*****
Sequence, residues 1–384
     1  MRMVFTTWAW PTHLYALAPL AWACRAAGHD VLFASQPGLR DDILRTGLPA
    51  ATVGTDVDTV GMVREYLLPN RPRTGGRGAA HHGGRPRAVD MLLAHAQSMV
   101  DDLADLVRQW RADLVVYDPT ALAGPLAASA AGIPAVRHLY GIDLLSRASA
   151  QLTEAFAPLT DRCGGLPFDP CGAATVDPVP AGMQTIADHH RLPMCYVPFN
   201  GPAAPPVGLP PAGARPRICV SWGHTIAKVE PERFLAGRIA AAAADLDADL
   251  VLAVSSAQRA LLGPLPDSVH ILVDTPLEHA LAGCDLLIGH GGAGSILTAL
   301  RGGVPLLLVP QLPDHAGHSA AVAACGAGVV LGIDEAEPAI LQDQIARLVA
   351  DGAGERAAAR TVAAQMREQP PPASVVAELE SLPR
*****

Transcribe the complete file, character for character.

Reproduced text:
Sequence, residues 1–384
     1  MRMVFTTWAW PTHLYALAPL AWACRAAGHD VLFASQPGLR DDILRTGLPA
    51  ATVGTDVDTV GMVREYLLPN RPRTGGRGAA HHGGRPRAVD MLLAHAQSMV
   101  DDLADLVRQW RADLVVYDPT ALAGPLAASA AGIPAVRHLY GIDLLSRASA
   151  QLTEAFAPLT DRCGGLPFDP CGAATVDPVP AGMQTIADHH RLPMCYVPFN
   201  GPAAPPVGLP PAGARPRICV SWGHTIAKVE PERFLAGRIA AAAADLDADL
   251  VLAVSSAQRA LLGPLPDSVH ILVDTPLEHA LAGCDLLIGH GGAGSILTAL
   301  RGGVPLLLVP QLPDHAGHSA AVAACGAGVV LGIDEAEPAI LQDQIARLVA
   351  DGAGERAAAR TVAAQMREQP PPASVVAELE SLPR